In the years since Norm sold her, she has had a series of good owners who have kept her in great condition. Mike Bailey installed the bowsprit, rebuilt the cockpit with teak, put in new stainless steel water and fuel tanks, and installed bronze stanchions with lifelines. She has had new floors, frames and planking around the mast step, and aft to the engine mounts. In 2017 she received new iron keelbolts. In 2019 she got a new bowsprit made from Sapele, a tropical West African hardwood.
“Aura” is a two-time winner (1997 and 1999) of the Northwest Wooden Yacht Racing Association series. The trophy is on display at the Center for Wooden Boats in Seattle. She won “Best Sailboat” at the 1997 Vancouver Wooden Boat Show. Aura competed every year in the Classic Mariner’s Regatta in Port Townsend, where she often finished in the top 3 in Class B, finishing first one year. A half-hull model of “Aura” carved by Norm C. Blanchard is mounted on the wall of the upstairs dining room of the Seattle Yacht Club.
The noted Northwest marine architect, William Garden, then aged 28 years, drew the plans for a 33 foot sloop in 1946, early in his long and diverse career, which ended in 2011 at the age of 92. The plans were made for the Blanchard Boat Company on Lake Union in Seattle. The company was founded after the First World War by Norman J. Blanchard, an English immigrant from a long line of boatbuilders. Blanchard Boat Company was one of many high-quality boat builders in Seattle, in the days of abundant local old-growth lumber and highly skilled marine carpenters.
Blanchard built 9 boats to this design, one every six months or so. Some were fastened with bronze but most were iron fastened. B-33 #1, formerly in Blaine WA, is being renovated by experienced boat builders north of Spokane but may never see salt water again. One B-33 sailed to Hawaii and may have deteriorated there; one was built in Honolulu with Blanchard’s permission and is probably “Malia,” B-33 #2, still sailing out of Haleiwa as of 2010. “Malia” has cruised the South Pacific and the Caribbean, going through the Panama Canal both directions. Of the other remaining Blanchard 33’s, only three are known to be in sailing condition, Aura, B-33 #5, Vagabond, and Skylark, #3. “Vagabond” is in Shilshole Marina, and has had a lot of good work done. “Skylark” was owned for many years by a marine carpenter in Lake Union, was recently purchased by the son of the man who owned her in the 60’s, and is now in very good hands, having had a nearly complete rebuild at the historic and now closed Jensen’s Boatyard. “Seawind”, B-33 #4, formerly of the Center for Wooden Boats in Seattle, is sitting well covered on a boatwright’s property near Langley, WA, waiting patiently for someone to find time to repair her, but it is probably too late for her as well.. “Varuna” had much work done, but then was sold for very little to a neglecting owner, and left mostly abandoned on a mooring near the Orcas ferry dock until 2014, then was taken ashore, hopefully for more work, but probably to rot away unseen. Another B-33 in Tacoma was reported as sunk, and has likely been broken up. The 9th and last B-33, named Mrs. Pettibone, was built as a yawl, painted dark blue or black, and was rumored to have been scuttled in Lake Washington for the insurance money. In the humble opinion of Capt. Ward Fay, if enough boaters in the Northwest had as much sense of aesthetics and maritime heritage as they have money, these beautiful wooden artifacts of a bygone age would not be in danger of being lost forever, and would be meeting annually in various shows and regattas, sought after, cherished, and perfectly maintained for generations.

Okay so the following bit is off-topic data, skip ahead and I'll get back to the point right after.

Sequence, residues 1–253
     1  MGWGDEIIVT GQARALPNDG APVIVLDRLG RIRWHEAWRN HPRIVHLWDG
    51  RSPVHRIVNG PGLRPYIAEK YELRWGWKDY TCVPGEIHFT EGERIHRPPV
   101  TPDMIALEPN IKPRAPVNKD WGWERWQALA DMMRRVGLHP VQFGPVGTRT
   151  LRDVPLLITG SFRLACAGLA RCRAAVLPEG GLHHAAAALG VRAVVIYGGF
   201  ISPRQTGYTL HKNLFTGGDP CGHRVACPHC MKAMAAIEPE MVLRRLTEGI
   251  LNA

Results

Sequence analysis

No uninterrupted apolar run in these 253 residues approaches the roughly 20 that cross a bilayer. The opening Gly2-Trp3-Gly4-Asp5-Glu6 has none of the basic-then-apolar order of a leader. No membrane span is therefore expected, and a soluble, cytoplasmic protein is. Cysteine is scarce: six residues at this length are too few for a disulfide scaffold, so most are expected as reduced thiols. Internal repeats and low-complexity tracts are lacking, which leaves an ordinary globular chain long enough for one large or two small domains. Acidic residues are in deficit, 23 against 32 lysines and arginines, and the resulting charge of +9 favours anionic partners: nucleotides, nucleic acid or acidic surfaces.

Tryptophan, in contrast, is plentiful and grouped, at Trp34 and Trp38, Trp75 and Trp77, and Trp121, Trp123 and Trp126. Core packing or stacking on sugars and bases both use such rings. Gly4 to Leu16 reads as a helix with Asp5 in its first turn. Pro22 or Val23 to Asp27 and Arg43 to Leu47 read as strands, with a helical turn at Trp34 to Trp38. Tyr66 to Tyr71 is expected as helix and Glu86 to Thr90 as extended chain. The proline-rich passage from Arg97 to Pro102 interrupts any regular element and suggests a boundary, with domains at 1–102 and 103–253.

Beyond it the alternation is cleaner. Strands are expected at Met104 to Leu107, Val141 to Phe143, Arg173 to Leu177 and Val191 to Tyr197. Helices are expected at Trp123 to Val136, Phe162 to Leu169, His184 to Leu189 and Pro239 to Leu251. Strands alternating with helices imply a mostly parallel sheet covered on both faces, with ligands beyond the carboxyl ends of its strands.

“Aura” sailing, back in the day. Note the beautiful varnished mahogany.
credit, Museum of History and Industry, Seattle